A Day in Quiapo

For my last day in Manila, after Malacanang Palace Tour, I would visit Islamic Center at Carlos Palanca St then explore Quiapo. The location can be reach by taking Bus No. 57 from Pandacan(Beata) to Quiapo via C. Palanca (refer to this Manila Bus Route Guide) to visit Islamic Center at 648 Carlos Palanca St (less than 1.5 km from Malacanang Palace).

This Islamic Center (Mahad Manila Al-Islamie, translated to Manila Islamic Institute, Inc.) was the first Madrasa built in the center of Manila. The pray building is called as “The Green Mosque”. Constructed in 1964, it is believed to be the oldest mosque in predominantly Catholic Luzon island, the country’s biggest island. The Green Mosque used to be the main mosque in Manila before the much bigger Masjid Al-Dahab, more popularly known as the Manila Golden Mosque, was constructed in 1976.

From The Green Mosque, I walked to The Golden Mosque for noon pray (Shalat Zuhr) and lunch at Moud Halal Restaurant, 829 Globo de Oro St.

Refer to http://traveleronfoot.wordpress.com/tag/quiapo/, the next destinations would be:

  • Ils-de-tuls or Ilalim ng Tulay, a popular Quiapo destination to get hold of assorted Filipino handicrafts. Honey-combed under steel and concrete Quezon bridge are stores filled from floor to ceiling with local crafts made from indigenous materials. These handicrafts were sourced from various tribal and cultural communities throughout the country. It’s located under Quezon Bridge.
  • Bahay Naukpil-Bautista Museum. It was the house of Don Ariston Bautista and wife Petrona Nakpil. The 1914 Art Nouveau Bahay Nakpil-Bautista along Barbosa Street has been transformed by their heirs into a museum dedicated to the Revolution of 1896 and to its famous resident, Gregoria Oriang de Jesus, the Lakambini of the Katipunan and widow of Andres Bonifacio.
  • Quaipo Church. Officially known as Minor Basilica of the Black Nazarene, it’s a Roman Catholic church located in the District of Quiapo, Manila, in the Philippines. The church is one of the most popular churches in the country. It is home to the Black Nazarene, a much venerated statue of Jesus Christ which many people believe has miraculous attributes. The church was painted cream after the original Mexican Baroque edifice was burned down in 1928. It is expanded to its current form in 1984 for accommodation of thousands of devotees. Also known as St. John the Baptist Parish, the church at present belongs to the Archdiocese of Manila.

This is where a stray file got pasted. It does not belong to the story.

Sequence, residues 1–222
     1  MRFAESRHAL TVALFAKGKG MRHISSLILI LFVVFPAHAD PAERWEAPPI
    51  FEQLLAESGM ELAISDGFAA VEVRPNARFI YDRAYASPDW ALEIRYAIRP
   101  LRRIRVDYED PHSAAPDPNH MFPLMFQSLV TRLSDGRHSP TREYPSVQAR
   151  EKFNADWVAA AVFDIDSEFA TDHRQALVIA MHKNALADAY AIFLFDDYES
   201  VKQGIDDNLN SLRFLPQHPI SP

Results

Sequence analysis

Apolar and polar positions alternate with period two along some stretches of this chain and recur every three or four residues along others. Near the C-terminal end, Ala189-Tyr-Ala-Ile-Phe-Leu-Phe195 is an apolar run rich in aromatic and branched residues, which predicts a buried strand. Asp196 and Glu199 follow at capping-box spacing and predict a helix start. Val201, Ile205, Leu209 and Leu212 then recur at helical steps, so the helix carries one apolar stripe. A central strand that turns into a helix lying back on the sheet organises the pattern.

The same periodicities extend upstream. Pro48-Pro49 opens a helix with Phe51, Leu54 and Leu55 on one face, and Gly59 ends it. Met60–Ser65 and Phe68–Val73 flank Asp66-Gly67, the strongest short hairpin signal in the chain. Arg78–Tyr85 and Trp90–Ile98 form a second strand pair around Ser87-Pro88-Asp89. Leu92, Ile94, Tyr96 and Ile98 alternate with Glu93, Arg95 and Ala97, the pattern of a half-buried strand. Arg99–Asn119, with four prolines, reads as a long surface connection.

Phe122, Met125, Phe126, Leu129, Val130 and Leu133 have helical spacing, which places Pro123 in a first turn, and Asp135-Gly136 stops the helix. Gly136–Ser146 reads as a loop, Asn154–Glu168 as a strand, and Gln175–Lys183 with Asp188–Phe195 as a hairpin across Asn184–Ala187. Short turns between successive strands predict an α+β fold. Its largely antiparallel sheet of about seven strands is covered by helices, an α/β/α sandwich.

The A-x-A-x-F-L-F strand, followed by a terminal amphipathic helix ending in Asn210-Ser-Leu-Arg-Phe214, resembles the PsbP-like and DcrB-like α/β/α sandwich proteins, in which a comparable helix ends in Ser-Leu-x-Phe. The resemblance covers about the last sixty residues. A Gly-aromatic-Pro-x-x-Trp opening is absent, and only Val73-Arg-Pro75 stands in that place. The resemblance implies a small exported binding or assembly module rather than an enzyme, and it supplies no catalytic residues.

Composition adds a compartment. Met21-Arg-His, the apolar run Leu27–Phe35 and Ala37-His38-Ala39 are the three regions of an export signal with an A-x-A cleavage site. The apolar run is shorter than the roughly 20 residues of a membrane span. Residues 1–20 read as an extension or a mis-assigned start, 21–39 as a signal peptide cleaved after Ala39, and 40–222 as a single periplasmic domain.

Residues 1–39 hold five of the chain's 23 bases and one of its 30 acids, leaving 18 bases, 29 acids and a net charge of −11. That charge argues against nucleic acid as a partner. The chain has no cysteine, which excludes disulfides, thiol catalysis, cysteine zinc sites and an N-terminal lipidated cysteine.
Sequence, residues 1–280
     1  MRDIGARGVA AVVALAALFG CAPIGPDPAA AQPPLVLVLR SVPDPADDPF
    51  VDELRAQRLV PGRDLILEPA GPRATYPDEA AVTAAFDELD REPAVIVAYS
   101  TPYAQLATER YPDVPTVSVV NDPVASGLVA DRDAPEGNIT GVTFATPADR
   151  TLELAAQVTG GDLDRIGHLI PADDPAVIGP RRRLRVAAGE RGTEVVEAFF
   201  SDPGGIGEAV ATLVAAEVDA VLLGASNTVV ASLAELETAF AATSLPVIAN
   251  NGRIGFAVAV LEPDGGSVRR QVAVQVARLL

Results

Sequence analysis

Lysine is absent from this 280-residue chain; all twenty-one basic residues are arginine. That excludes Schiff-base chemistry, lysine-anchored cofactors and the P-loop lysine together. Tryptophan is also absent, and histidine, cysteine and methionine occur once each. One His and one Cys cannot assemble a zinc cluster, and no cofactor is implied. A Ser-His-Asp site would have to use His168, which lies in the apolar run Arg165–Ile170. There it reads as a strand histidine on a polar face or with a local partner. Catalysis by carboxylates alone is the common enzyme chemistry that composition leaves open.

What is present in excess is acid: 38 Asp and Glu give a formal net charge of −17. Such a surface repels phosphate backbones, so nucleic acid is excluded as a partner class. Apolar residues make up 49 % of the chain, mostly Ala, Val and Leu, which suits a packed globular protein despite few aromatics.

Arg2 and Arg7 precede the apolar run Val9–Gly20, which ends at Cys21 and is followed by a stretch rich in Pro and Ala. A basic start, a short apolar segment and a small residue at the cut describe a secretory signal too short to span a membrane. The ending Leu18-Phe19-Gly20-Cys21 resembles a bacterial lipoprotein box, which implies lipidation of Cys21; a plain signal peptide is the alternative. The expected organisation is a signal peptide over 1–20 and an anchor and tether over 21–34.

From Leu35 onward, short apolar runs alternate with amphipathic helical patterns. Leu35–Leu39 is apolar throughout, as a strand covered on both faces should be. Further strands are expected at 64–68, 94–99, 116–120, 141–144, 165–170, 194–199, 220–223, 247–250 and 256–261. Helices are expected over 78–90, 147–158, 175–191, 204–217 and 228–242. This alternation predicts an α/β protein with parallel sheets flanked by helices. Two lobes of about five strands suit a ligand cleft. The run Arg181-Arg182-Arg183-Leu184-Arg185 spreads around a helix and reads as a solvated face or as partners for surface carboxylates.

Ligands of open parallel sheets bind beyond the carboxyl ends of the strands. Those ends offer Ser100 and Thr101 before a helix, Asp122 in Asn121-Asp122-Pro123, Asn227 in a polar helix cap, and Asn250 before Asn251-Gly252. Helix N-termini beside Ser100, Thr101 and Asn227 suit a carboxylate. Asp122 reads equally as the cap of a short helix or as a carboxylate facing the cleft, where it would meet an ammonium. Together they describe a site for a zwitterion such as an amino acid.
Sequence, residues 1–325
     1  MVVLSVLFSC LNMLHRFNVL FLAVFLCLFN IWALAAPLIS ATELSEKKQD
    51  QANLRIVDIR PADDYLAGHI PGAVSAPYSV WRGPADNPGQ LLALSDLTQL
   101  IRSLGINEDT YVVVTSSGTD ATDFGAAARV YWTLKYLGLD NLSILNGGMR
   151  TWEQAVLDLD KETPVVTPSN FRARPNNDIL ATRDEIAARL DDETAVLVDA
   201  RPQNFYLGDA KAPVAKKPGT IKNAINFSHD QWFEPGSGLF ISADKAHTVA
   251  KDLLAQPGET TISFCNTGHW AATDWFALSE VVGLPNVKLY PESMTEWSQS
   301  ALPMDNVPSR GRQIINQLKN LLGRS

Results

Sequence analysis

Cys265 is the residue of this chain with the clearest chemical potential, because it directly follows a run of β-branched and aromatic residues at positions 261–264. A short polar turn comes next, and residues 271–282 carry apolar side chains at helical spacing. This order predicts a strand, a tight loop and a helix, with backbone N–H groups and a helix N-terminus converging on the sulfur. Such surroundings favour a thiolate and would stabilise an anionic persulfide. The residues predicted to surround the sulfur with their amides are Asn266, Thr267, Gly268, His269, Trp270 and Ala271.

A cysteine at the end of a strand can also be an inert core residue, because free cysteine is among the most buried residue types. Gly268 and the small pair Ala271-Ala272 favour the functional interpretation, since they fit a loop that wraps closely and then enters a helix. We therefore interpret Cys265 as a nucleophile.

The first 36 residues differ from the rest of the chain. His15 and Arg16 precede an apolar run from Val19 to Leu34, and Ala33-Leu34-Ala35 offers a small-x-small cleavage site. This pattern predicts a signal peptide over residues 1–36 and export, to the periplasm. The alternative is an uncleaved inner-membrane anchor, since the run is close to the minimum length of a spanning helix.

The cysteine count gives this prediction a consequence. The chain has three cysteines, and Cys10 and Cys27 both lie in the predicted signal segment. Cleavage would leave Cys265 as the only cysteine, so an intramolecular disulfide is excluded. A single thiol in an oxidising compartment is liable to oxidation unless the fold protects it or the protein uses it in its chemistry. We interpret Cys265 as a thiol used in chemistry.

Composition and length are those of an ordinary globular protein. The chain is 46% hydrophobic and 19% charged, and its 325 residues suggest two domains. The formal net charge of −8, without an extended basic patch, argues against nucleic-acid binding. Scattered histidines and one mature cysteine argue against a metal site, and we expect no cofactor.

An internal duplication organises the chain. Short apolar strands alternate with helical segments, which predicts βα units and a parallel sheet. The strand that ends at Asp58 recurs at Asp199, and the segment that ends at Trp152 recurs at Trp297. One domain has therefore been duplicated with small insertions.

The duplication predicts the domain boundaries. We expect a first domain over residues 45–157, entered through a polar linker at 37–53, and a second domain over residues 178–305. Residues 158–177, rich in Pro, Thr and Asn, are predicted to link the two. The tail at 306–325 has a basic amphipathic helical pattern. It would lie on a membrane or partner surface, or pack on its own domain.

• Plaza Miranda. This renovated plaza with Roman pillars and aqueduct-like structures, used to be the site of political rallies, including the infamous 1971 Liberal Party Rally. Grenades were thrown at the stage and the spectators, causing injury and death to a lot of people attending the event. An obelisk marks Plaza Miranda as the place for freedom of speech.Also in this same area are the fortune-tellers, fearlessly and confidently giving their forecast to their steady stream of patrons. Whether through numerology, palm reading, and Tarot cards, both skeptics and believers come to Quiapo’s Fortune-telling Corner to have their fortunes foretold, past lives read, recover lost objects, and bring together estranged couples.
  • Ocampo Pagoda. This garden house with pagoda-like structure dominating the skyline of a residential district in Quiapo was constructed in 1935, a time when the huge area surrounding it was part of a vast estate of Don Jose Mariano Ocampo. The pagoda was built to adorn his garden and at same time to house his realty firm. However, with its completion in 1939, World War II broke out and the structure was used as an air raid shelter for the surrounding community.
  • San Sebastian Church, the all-steel. The prefabricated steel parts of this church were manufactured in Belgium and were delivered in Manila using six ships. It took two years to reassemble the church. Trompe l’oeil painting was used to decorate the church’s interior and the crossed vaults on the ceiling, along with walls and column were painted to resemble marble and jasper.

Here is the walking route: http://goo.gl/maps/0lHVa

DAY THREE

From Quaipo, I wanted go to Divisoria and 168 Mall at Binondo (less than 2.5 km from San Sebastian Church) to see the Chinatown which only few kilometers away from San Sebastian Church, but too bad that it was not the right day to explore the area because there was Iglesia ni Cristo event that shut down Manila (http://newsinfo.inquirer.net/506663/iglesia-ni-cristo-event-shuts-down-manila).

So much devotees crowded the streets. Bus or jeepney or taxi or pedicab couldn’t pass through traffic jam as the road toward Quiapo was paralyzed.

P1050244
Our itinerary also didn’t work because our Malacanang Palace Tour (https://perjalananbunda.wordpress.com/2013/10/08/malacanang-palace/) finished after 2 hours 15 minutes instead of one hour earlier as scheduled. Not enough time, then Alif and I had no choice other than walked from Golden Mosque to Carreido LRT Station to go back to Malate to visit Manila Zoo and Rajah Sulayman Plaza instead (while waiting for our flight back to Jakarta).

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